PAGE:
Schools, bus drivers struggle to keep up amid driver shortage
Published 6:00 pm Friday, September 30, 2022
NILES — Pamela Behm enjoys being behind the wheel of a school bus.
A bus driver of 23 years, Behm began her career as a bus driver when her children were students at Edwardsburg Public Schools.
“I needed to work,” she said. “I wanted to be home with (my children) when they were off. It was a little intimidating at first but I grew to love it. The buses are big but so easy to drive. I had the same route every year and the kids became a part of my family.”
Behm was an EPS bus driver for 15 years and has been a bus driver for Brandywine Community Schools, where she graduated from, for nearly eight years.
“My (bus) kids are my family,” she said. “Every child on that bus has a different personality but they’re great kids.”
Like many bus drivers across the country, Behm is doing her part to ensure safe transportation to and from school for her students amid a driver shortage.
According to a survey of 1,200 school administrators and transportation officials conducted by HopSkipDrive, the top reasons for the nationwide bus driver shortage are:
Issues recruiting new bus drivers – 67 percent
Driver pay – 40.3 percent
Drivers retiring – 37.3 percent
COVID-19 concerns – 32.8 percent
Losing drivers to private industry – 31.3 percent
According to Indeed, the average hourly bus driver pay rate in Michigan is $17.45 per hour. Behm, who returns to work in October from medical leave, believes the actions of select parents are a key reason why local districts are having difficulties finding bus drivers.
“When we have kids on our buses that give us problems, we all know it was related to school or home,” she said. “We’re like counselors; We just listen to them and talk with them. But now there’s a shortage of bus drivers. We’re taking on more routes and getting more different kids on buses.”
After voicing her opinion on Brandywine’s bus driver situation on Facebook, Behm said she received support from many local community members and parents.
“They help out any way they can,” she said. “It gets tough some days. Some days I feel like I’m done.”
Brandywine Superintendent Travis Walker said that while a lot of factors contribute to the driver shortage, the main one impacting the district is the availability of drivers. Brandywine began the school year with four drivers and now has six (not including the transportation director) who are tasked with covering multiple routes in order to bring students to and from school.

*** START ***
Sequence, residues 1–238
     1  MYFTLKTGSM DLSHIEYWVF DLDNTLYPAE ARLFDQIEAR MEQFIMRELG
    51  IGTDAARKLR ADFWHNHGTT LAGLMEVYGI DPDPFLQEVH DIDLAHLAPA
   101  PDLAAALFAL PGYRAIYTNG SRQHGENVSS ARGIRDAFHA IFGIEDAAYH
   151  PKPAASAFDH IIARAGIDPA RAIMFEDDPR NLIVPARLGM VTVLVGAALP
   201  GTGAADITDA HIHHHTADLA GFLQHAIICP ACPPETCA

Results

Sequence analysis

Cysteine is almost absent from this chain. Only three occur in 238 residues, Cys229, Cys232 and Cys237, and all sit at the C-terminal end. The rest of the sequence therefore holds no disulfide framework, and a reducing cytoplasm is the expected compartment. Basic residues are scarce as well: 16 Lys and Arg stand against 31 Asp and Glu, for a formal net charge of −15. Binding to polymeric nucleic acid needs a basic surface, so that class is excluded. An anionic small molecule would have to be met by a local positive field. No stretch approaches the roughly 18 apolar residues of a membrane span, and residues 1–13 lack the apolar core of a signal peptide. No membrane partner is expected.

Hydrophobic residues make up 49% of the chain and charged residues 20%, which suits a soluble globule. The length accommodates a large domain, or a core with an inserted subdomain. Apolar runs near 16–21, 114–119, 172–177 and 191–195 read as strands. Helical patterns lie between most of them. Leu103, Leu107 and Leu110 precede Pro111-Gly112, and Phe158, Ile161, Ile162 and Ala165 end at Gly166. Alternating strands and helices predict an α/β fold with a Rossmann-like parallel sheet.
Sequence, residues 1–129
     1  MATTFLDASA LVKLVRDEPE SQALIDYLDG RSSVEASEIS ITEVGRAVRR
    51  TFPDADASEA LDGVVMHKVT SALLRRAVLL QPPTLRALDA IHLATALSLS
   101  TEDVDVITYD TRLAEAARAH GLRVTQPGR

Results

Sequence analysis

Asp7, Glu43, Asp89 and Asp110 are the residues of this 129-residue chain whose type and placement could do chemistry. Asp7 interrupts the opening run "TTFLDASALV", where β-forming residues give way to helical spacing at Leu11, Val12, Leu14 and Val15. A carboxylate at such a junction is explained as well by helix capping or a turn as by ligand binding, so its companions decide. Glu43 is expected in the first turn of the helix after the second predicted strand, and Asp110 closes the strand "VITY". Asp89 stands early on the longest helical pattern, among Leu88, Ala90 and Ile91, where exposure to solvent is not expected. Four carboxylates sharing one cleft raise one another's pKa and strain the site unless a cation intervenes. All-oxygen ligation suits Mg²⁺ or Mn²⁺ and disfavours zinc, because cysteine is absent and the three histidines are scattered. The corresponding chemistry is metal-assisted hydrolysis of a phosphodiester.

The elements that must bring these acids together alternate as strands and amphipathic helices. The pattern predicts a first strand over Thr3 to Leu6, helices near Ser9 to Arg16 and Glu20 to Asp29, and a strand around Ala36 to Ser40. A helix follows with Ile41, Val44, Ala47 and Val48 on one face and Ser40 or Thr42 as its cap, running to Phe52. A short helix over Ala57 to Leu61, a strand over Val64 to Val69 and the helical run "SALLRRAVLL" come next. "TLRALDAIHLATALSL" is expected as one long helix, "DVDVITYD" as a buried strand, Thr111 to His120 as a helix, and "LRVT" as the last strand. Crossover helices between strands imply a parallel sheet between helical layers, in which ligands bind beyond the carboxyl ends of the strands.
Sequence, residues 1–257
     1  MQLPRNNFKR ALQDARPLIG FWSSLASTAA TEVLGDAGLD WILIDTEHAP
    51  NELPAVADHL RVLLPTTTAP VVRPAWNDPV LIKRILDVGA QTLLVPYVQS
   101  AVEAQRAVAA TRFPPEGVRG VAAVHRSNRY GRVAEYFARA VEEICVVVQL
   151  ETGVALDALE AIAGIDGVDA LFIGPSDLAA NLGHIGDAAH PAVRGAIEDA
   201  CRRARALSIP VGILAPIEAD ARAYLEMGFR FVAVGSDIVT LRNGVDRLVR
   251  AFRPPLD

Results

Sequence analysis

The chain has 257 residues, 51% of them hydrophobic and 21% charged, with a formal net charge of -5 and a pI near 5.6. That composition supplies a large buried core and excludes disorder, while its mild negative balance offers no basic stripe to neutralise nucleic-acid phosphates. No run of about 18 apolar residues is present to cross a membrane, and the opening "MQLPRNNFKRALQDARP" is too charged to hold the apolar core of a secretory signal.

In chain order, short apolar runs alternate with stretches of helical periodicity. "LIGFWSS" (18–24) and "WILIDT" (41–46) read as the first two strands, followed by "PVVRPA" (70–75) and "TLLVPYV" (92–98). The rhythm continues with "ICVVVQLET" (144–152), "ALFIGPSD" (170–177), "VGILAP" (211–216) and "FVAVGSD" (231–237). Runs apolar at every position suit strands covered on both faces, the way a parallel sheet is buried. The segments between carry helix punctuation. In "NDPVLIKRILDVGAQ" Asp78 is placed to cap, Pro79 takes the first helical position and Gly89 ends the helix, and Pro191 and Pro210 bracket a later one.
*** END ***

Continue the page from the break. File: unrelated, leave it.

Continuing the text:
“We want to get to at least seven drivers,” he said. “If we get to at least seven, we will be able to run all of our routes as planned. Right now, we’re getting all routes covered but it’s an inconvenience in that drivers are having to pick up students off of other routes, which of course is an inconvenience for parents because now we’re arriving later to pick them up. It’s an inconvenience to students because they’re on the buses for longer periods of time and of course it’s an inconvenience for our staff who have students arriving late to the classroom.”
While Walker understands parents’ frustration in recent weeks, he appreciates their patience as the district continues to address its transportation needs.
“The community and patients have showed a lot of patience and grace and our bus drivers have been phenomenal in working the extra time and getting kids to where they need to be. The biggest thing is that our kids are getting there safely. It’s just taking longer right now.”
Behm encourages community members to apply for open bus driver positions.
“The parents think it’s such a horrible job,” she said. “It’s really not. If you love kids, it’s something to do. It’s tough; we need drivers. Buses look intimidating but it’s just like driving your vehicle, and they will train you.”